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World Trade Organization


MILLAR KREKLEWETZ LLP is a boutique Canadian law firm with lawyers who have significant expertise in matters involving the World Trade Organization and the trade agreements that it administers.

The following is a short introduction to the World Trade Organization.

World Trade Organization

Canada is a member of the World Trade Organization (the WTO), which was established in 1994 under the World Trade Organization Agreement. The World Trade Organization Agreement also continued the General Agreement on Trade and Tariffs (the GATT), which was originally signed in 1947.


The WTO is the primary institution of the world multilateral trading system. The WTO is responsible for the administration of the GATT and other trade agreements above (i.e., GATT, GATS, TRIPs, and TRIMs, below), ongoing trade negotiations, dispute settlement, and enforcement. Currently, approximately 150 countries are members of the WTO.


The GATT is at the heart of the world multilateral trading system. As its name implies, the GATT is aimed principally reducing tariffs and other barriers to trade (e.g., quotas) between GATT members, and the elimination of discriminatory treatment in international commerce. These objectives of the GATT influence domestic law, discussed below.

The focus of GATT is trade in goods; trade in services, intellectual property, and investment are covered under separate agreements (GATS, TRIPs, and TRIMs, respectively) which are also administered by the WTO.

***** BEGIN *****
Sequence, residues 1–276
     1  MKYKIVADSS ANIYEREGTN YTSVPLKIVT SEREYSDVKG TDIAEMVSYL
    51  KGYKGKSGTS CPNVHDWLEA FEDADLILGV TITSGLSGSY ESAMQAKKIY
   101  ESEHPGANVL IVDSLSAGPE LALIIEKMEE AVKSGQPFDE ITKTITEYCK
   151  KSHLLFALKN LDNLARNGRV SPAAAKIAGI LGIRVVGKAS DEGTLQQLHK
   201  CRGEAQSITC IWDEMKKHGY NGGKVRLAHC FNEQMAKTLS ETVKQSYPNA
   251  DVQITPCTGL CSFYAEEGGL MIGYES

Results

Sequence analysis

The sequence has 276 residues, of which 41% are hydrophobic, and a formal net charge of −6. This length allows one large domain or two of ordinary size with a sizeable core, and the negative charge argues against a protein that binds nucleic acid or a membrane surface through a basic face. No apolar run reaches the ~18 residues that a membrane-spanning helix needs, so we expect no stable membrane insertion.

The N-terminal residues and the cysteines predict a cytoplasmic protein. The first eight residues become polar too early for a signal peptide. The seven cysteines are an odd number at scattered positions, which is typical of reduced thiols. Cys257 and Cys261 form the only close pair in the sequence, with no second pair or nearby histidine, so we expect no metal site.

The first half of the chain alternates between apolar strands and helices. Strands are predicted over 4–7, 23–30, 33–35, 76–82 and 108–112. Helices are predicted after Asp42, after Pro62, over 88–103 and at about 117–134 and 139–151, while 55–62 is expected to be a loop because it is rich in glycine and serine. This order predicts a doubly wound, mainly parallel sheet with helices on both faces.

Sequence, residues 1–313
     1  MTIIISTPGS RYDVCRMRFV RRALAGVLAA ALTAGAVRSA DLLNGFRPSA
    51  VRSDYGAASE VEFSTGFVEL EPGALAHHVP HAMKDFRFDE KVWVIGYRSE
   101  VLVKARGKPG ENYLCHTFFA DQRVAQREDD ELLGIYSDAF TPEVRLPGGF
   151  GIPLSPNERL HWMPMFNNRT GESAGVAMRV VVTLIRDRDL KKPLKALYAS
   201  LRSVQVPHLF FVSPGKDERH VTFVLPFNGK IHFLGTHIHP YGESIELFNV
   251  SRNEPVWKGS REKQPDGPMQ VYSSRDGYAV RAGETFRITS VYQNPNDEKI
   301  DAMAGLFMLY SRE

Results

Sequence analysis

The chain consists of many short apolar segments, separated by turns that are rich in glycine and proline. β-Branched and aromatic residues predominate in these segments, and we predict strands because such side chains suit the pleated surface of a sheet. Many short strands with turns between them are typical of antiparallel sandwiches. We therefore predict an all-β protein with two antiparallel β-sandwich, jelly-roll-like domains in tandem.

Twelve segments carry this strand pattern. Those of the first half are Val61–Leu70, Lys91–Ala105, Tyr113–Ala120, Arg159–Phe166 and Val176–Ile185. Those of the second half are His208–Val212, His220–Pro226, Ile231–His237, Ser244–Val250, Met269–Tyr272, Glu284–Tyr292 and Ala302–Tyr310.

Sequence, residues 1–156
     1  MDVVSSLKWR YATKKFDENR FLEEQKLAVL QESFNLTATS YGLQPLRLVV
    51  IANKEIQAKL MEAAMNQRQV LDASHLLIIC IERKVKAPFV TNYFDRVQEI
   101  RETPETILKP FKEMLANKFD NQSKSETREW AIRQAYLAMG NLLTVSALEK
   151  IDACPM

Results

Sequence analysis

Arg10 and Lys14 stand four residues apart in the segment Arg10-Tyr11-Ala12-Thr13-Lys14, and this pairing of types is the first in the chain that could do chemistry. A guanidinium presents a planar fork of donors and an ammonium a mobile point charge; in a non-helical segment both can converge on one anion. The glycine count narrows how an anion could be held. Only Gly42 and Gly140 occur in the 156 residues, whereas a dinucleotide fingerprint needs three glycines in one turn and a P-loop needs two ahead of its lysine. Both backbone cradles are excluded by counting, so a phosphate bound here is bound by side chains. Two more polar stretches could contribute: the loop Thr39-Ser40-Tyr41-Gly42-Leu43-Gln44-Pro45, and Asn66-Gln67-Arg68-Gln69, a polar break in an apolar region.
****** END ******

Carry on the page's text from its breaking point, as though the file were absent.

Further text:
Basic GATT Obligations

As a member country, Canada has bound itself to conduct its international trade according to the rules of the GATT. Canada, like other member countries, has the following basic obligations:

  • Tariff levels commitment to apply GATT-negotiated tariff levels (and associated rules for valuation and origin).
  • Most Favoured Nation (MFN) principle commitment to not discriminate in the treatment of like goods imported from different trading partners (subject to exception for free trade areas, such as NAFTA);
  • National Treatment commitment to not discriminate between like goods of domestic and foreign origins;
  • Subsidies and Countervailing Duties
  • Dumping and Anti-Dumping Duties

These obligations are reflected in Canadian domestic customs laws. For more information on the influence of Canadas GATT obligations on domestic customs and trade law, please return to our Practice Area Index and select General Agreement on Trade and Tariffs).

Dispute Settlement

Finally, the WTO sets out an extensive system for trade dispute settlement. The nature of dispute settlement under the WTO concerns challenges by one state of another states fulfillment of its GATT obligations. These are state-to-state disputes, and as such, there is no formal mechanism through which private enterprises can challenge the activities of a country in which they operate.

In contrast, the North American Free Trade Agreement (the NAFTA) and bilateral investment treaties provide an avenue for private enterprises to challenge governmental actions that threaten their investments. For more information on investor disputes, please return to our Practice Area Index and select NAFTA Chapter 11 Disputes and NAFTA Investor Disputes.

Millar Kreklewetz LLP is well-placed to provide both guidance and counsel on WTO/GATT Canadian customs and trade law matters, and persons wishing to understand how these laws affect their business are encouraged to contact us for more infomation on the issues inherent in their files.

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